The Widow has asked me to take time out from the Braves game and start pulling my weight around here. So I had a tough choice to make: do the dishes or write a post.
Guess which one I chose.
The Braves are currently being shut down (no hits though 6 innings) by Randy Johnson, one of the Widow's least favorite ball players. In light of my beloved Braves' woes I thought I'd do a little early season review of my favorite club.
Let's start with a quick comparison of two of last year's stars with their replacements.
|player||Batting Average||On Base %||Slugging %||OPS|
If I had known in February that these would be the numbers as of March 18, well I'd be pretty happy. I'd probably tell you that the Braves' real weakness is pitching, but that they could compete with such serviceable (and cheap) replacements for Shefield and Lopez. And you know what, I would have been right. But what I didn't know is how many injuries the team would have. Chipper Jones, JD Drew, Rafael Furcal, Eli Marrero, and now Marcus Giles (we miss you already, Marcus) have missed time leaving the lineup pretty bare. The replacements have also done a poor job catching the ball, which doesn't help when you don't hit much.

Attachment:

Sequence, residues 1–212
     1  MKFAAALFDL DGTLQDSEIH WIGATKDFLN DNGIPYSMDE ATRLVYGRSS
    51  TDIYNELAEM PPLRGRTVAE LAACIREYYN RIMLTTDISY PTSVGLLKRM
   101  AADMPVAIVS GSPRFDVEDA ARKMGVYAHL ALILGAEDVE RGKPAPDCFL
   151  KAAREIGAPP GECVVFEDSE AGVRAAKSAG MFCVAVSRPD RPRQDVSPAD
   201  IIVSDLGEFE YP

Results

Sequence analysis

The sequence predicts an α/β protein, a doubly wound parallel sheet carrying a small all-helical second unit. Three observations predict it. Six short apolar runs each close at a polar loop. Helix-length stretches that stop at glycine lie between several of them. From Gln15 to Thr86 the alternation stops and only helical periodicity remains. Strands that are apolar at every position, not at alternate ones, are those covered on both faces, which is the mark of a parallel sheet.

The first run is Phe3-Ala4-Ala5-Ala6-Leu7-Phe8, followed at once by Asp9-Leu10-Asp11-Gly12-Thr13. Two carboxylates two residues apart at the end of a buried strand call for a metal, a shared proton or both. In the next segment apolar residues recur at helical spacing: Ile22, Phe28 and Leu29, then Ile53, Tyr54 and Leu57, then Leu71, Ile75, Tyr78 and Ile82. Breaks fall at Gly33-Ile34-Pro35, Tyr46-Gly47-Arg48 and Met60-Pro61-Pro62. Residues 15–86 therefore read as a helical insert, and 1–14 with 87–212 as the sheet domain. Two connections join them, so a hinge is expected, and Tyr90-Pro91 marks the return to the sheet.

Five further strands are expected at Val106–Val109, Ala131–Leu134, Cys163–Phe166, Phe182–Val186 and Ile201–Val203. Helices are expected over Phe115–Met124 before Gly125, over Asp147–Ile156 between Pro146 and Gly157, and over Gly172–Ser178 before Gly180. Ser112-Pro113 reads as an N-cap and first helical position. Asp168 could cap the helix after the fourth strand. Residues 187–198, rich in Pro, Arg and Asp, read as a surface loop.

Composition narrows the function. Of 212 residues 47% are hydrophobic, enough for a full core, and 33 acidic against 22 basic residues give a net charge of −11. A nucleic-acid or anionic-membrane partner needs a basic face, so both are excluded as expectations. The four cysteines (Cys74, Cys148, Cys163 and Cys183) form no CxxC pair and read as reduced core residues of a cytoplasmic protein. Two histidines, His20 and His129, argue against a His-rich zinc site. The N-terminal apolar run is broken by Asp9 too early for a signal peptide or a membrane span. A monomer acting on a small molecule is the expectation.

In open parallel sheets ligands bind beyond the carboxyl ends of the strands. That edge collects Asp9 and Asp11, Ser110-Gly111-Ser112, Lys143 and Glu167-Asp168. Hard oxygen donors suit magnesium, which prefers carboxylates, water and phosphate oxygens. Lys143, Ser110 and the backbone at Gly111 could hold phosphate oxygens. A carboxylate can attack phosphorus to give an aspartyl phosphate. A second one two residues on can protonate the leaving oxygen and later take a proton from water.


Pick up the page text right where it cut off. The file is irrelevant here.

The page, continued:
So far this year I've been frustrated by these injuries, but still hopeful. The team is only 3.5 games out, so you figure that when they get healthy they should be able to make a run. Only I'm not sure that's going to happen now. Furcal is still hurting, and Giles will be out for about 2 months. Not even a great team can survive long without its starting middle infield, and the Braves aren't a great team to begin with.
I'm still enjoying watching the Braves this year. It's actually fun to cheer for a team that's not in first place for a change. But if the Braves don't turn things around at some point, and if they do (gasp) finish out of first place, it'll be a shame that injuries played such a big role.
Here's to modern medicine and a speedy recovery to Marcus Giles!
Randy Johnson just completed his first career perfect game by striking out Eddie Perez. Quite a feat, even if it is against a depleted Braves lineup. If, as Baseball Widow suspects, Randy Johnson has sold his soul to the devil (or possibly is the devil) at least he got his money's worth.